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Pellet (air Gun)
A pellet is a non-spherical projectile designed to be shot from an air gun, and an airgun that shoots such pellets is commonly known as a pellet gun. Air gun pellets differ from bullets and shot used in firearms in terms of the pressures encountered; airguns operate at pressures as low as 50 atmospheres,[1] while firearms operate at thousands of atmospheres. Airguns generally use a slightly undersized projectile that is designed to obturate upon shooting so as to seal the bore, and engage the rifling;[citation needed] firearms have sufficient pressure to force a slightly oversized bullet to fit the bore in order to form a tight seal. Since pellets may be shot through a smoothbore barrel, they are often designed to be inherently stable, much like the Foster slugs used in smoothbore shotguns. The diabolo pellet (or "wasp waist pellet") is the most common design traditionally found in airguns
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Sound Barrier
The sound barrier or sonic barrier is the sudden increase in aerodynamic drag and other undesirable effects experienced by an aircraft or other object when it approaches the speed of sound. When aircraft first approached the speed of sound, these effects were seen as constituting a barrier making faster speeds very difficult or impossible.[3][4] The term sound barrier is still sometimes used today to refer to aircraft reaching supersonic flight. Breaking this sound barrier produces a sonic boom. In dry air at 20 °C (68 °F), the speed of sound is 343 metres per second (about 767 mph, 1234 km/h or 1,125 ft/s). The term came into use during World War II when pilots of high-speed fighter aircraft experienced the effects of compressibility, a number of adverse aerodynamic effects that deterred further acceleration, seemingly impeding flight at speeds close to the speed of sound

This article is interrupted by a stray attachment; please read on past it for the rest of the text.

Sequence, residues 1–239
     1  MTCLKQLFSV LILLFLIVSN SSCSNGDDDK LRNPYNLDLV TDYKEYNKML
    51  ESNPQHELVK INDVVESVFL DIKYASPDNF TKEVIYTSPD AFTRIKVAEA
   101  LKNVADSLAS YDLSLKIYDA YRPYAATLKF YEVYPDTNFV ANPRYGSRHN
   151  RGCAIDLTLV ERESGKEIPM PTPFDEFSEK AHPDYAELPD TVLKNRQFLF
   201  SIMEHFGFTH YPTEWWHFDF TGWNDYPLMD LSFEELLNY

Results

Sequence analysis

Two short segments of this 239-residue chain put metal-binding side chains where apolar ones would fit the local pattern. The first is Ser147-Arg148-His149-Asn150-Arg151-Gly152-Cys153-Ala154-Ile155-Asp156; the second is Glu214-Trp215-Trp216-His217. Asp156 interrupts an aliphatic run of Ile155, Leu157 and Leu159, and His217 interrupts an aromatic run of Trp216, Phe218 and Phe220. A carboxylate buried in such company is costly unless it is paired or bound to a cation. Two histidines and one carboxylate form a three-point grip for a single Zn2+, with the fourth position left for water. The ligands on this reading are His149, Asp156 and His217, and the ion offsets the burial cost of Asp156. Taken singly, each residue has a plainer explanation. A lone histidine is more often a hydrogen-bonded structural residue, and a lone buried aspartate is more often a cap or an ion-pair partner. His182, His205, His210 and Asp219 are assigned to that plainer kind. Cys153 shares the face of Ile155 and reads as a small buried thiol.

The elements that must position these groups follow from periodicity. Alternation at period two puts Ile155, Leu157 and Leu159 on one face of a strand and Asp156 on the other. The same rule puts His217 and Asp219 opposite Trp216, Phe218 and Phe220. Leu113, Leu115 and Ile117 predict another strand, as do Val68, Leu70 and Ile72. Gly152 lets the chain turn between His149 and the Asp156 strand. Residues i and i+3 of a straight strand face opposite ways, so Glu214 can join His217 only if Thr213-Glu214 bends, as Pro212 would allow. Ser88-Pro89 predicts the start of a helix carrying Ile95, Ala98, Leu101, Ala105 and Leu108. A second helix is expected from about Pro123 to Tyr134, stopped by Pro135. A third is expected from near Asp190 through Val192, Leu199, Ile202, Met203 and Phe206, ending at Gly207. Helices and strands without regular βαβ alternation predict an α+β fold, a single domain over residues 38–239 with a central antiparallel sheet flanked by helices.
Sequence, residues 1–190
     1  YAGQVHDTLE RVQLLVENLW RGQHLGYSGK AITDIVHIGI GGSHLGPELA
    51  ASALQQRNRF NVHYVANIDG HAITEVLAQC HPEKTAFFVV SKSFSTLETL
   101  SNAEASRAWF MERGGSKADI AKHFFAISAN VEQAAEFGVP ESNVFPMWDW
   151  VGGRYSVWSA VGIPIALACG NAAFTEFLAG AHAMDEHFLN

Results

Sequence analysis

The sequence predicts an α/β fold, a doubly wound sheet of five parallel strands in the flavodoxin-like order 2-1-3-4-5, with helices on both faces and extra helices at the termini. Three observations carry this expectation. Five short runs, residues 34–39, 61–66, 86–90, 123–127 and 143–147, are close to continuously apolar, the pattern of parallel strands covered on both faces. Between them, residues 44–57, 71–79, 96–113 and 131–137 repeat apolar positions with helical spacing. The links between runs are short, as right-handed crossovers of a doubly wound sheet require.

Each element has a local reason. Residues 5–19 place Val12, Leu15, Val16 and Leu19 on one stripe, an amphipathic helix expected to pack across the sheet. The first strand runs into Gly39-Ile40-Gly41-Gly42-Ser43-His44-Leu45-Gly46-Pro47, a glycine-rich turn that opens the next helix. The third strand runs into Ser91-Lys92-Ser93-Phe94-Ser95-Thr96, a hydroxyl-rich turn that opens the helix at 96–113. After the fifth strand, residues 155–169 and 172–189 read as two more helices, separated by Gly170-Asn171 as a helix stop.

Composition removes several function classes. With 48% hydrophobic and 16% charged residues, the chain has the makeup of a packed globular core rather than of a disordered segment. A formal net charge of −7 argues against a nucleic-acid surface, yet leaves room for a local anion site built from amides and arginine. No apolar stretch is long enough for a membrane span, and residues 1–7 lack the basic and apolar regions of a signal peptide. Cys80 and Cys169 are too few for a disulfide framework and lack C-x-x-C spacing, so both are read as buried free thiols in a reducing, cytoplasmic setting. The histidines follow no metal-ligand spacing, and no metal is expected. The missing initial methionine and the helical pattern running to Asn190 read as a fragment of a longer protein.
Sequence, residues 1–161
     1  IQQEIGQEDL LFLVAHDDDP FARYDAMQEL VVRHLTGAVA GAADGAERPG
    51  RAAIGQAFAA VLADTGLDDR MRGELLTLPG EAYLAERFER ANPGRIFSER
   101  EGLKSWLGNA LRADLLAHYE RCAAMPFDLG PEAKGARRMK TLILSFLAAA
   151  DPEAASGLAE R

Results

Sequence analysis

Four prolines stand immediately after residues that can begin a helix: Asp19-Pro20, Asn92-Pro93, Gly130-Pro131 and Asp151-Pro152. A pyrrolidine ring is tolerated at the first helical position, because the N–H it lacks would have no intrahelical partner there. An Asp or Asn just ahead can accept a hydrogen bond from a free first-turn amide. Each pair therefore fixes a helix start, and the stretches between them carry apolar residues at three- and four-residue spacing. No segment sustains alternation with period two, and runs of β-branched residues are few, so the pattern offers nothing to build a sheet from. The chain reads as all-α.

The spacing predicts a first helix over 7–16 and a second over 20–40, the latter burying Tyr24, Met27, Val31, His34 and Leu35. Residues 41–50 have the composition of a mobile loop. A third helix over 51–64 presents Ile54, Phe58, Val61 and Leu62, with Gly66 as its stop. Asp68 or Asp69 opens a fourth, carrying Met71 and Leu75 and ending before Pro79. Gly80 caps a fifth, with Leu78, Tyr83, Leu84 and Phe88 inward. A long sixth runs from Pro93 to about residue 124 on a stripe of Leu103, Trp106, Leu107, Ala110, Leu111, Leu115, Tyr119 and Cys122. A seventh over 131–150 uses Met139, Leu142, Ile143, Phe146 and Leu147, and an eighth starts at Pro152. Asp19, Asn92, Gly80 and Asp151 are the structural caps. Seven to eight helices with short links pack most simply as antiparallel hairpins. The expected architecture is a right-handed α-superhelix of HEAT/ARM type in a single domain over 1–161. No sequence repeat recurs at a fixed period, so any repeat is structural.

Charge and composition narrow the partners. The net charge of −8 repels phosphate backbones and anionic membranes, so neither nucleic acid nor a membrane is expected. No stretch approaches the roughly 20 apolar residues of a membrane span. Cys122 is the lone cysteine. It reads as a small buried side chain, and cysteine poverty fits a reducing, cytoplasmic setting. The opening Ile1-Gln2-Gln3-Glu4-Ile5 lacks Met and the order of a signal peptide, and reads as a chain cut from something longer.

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Drag (physics)
In fluid dynamics, drag (sometimes called air resistance, a type of friction, or fluid resistance, another type of friction or fluid friction) is a force acting opposite to the relative motion of any object moving with respect to a surrounding fluid.[1] This can exist between two fluid layers (or surfaces) or a fluid and a solid surface. Unlike other resistive forces, such as dry friction, which are nearly independent of velocity, drag forces depend on velocity.[2][3] Drag force is proportional to the velocity for a laminar flow and the squared velocity for a turbulent flow
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Lead

Lead is a chemical element with the symbol Pb (from the Latin plumbum) and atomic number 82. It is a heavy metal that is denser than most common materials. Lead is soft and malleable, and also has a relatively low melting point. When freshly cut, lead is silvery with a hint of blue; it tarnishes to a dull gray color when exposed to air. Lead has the highest atomic number of any stable element and three of its isotopes are endpoints of major nuclear decay chains of heavier elements. Lead is a relatively unreactive post-transition metal. Its weak metallic character is illustrated by its amphoteric nature; lead and lead oxides react with acids and bases, and it tends to form covalent bonds. Compounds of lead are usually found in the +2 oxidation state rather than the +4 state common with lighter members of the carbon group. Exceptions are mostly limited to organolead compounds
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Sectional Density
Sectional density (often abbreviated SD) is the ratio of an object's mass to its cross sectional area with respect to a given axis. It conveys how well an object's mass is distributed (by its shape) to overcome resistance along that axis. Sectional density is used in gun ballistics. In this context, it is the ratio of a projectile's weight (often in either kilograms, grams, pounds or grains) to its transverse section (often in either square centimeters, square millimeters or square inches), with respect to the axis of motion. It conveys how well an object's mass is distributed (by its shape) to overcome resistance along that axis
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